Photography by Kevin Wong Credits: Photography by Kevin Wong
"The further away from the equator you go, the more common the disease is," says Christina Wolfson, professor of medicine, epidemiology and biostatistics at McGill University in Montreal. Some studies have shown that vitamin D appears to provide protection against the development of MS, says Wolfson. "But there are millions of people who don't get a lot of vitamin D and don't develop MS, so it's not that alone." Canada's Food Guide recommends 500 millilitres of milk every day for adequate vitamin D, and those over the age of 50 should also take a daily vitamin D supplement of 400 IU.
Early exposure to Epstein-Barr virus, a common contagion that causes mononucleosis, may be part of what causes MS. "There are many people who have been exposed to Epstein-Barr virus who do not go on to develop MS, so the question of how these factors act together to cause MS is still under study," says Wolfson.
Increasing evidence has linked cigarette smoking to MS. "It's probably related to immune function," says Wolfson. "Some studies show that high levels of smoking are also associated with a more progressive course of the disease."
Genetics may make you susceptible to MS, but then something else— usually environmental, like a virus—triggers it, says Dr. Mark Freedman, professor of neurology at the University of Ottawa and senior scientist at the Ottawa Hospital Research Institute. "Genes load the gun, but something fires it."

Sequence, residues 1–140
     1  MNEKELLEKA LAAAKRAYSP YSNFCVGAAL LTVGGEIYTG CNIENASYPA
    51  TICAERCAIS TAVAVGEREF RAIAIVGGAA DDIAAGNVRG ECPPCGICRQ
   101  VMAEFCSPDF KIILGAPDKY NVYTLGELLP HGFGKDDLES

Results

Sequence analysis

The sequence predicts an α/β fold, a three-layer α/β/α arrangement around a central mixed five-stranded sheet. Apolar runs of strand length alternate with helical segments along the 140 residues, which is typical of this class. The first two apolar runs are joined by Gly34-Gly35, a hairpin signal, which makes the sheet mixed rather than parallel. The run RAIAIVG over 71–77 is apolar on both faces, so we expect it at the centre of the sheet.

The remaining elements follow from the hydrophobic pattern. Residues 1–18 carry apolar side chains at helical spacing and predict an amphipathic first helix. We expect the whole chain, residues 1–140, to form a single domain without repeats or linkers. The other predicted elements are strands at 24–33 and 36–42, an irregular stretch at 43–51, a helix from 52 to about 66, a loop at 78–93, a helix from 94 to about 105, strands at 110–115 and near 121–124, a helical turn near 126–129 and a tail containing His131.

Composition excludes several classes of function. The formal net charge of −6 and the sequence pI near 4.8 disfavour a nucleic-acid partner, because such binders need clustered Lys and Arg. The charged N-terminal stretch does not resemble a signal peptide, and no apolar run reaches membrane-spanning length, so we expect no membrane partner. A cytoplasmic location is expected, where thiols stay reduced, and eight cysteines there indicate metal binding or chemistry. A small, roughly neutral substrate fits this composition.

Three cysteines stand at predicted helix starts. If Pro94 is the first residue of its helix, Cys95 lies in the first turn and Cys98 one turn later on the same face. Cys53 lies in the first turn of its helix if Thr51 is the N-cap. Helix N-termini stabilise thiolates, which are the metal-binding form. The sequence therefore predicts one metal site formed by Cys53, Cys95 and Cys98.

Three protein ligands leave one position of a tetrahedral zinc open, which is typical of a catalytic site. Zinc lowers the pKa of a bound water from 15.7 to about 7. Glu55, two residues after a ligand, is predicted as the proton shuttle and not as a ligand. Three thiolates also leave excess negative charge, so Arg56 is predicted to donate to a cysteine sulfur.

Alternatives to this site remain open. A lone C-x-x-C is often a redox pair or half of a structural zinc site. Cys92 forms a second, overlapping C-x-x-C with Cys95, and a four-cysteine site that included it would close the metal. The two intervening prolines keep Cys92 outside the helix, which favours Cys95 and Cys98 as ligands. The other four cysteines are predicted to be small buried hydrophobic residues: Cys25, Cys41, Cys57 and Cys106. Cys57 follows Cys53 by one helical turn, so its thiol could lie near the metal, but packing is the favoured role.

It may explain why MS is more common among women, says Yves Savoie. "We are
all getting more obese, but the female immune system reacts to obesity in a different way than the male immune system." Obesity may also explain the growing rate of MS among children and adolescents. "The number diagnosed remains very small, but the rate of growth is troubling."
Are you at risk? Here's everything you need to know about MS.
|This story was originally part of "When MS Closes In" in the April 2015 issue. |
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